Film Review: Nine Days
It wasn't a very crowded theater, and that may either be to Covid or that the film is in limited release (I'm fully vaccinated), but I went to see Edson Oda's Nine Days on Sunday night and I'd like to provide a spoiler-free review.
First of all, unless you have read Walt Whitman's Leaves of Grass, some of this film will be lost on you. I loved the way it was shot, mainly because it, like other films in the past about the afterlife, is so abstract in content. I think this is the first film I've ever seen which is not discussing the afterlife, but the "pre-life", I suppose. The premise is that there are a number of souls who are vying for a spot in the body of a new human and one man (Winston Duke), a person who "lived once" has to judge which one is given that privilege.
The abstract nature of the film is what is so striking, and at first you are not really sure what is going on or where it is taking place, but soon you settle in to the experience. Oda is a brilliant film maker, as the imagery is indeed beautiful. The muted color palate is filled with browns and dark grays. The pre-life is kind of a sad place, and Will (Winston Duke) takes his job seriously. He is aided by Kyo (Benedict Wong) another soul who was never "born", who must agree with Will's choice.
As a writer, I will not comment on the striking way this story was filmed, but I will instead look at the many references to Walt Whitman's poetry. At the end of the film there is a significant section of Leaves of Grass recited masterfully by Winston Duke, performed so well, in fact that I literally got goosebumps. The poem brings the entire film into perspective, and made me think about what Whitman was expressing to us about life, death, and the meaning of it all.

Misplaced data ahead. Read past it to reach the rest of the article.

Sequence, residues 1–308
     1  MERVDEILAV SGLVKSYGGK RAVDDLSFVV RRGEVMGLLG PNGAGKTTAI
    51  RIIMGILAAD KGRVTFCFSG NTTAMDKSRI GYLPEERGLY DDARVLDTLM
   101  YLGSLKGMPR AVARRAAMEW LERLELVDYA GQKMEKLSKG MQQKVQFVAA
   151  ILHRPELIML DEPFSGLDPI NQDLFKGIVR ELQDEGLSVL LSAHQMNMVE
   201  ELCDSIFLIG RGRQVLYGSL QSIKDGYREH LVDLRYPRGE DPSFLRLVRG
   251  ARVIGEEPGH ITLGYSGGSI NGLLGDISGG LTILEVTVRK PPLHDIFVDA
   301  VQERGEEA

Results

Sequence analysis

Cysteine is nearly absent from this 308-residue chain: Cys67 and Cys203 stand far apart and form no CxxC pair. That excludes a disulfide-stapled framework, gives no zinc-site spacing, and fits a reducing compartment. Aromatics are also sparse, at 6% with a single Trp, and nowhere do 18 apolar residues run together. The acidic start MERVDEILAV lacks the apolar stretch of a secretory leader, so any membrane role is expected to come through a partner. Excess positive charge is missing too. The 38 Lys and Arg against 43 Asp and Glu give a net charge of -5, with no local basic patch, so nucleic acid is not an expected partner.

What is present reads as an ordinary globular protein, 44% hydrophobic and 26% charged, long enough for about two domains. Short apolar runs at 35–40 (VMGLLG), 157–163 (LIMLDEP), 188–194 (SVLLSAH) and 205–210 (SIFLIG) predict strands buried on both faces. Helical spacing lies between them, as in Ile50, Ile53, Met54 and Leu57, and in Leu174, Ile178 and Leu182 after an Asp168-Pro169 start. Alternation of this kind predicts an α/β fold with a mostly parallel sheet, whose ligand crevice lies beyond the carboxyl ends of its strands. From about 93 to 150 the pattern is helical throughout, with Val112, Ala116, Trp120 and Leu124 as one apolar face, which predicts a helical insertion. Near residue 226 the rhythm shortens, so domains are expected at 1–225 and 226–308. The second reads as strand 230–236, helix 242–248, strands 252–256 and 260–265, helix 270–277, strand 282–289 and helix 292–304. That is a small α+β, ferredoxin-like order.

"Look for me under your boot soles." Indeed, the film is exploring not just the meaning of life, but examining closely the idea of what it means to have a life in the first place. It takes a very abstract idea that goes well beyond the simple concept of "not taking things for granted". The writing is masterful, exploring the concept of what it means to live not just mundanely but meaningfully.
I'm sure all the English teachers out there will get a thrill from this movie (speaking for myself) but anyone else who is needing more from a film than just another action ride or romance will find something wonderful. Much of the film is sweet and wondrous. It is indeed a joy to see a filmmaker dive deep into the waters of abstract thought. You should go for a swim there, too.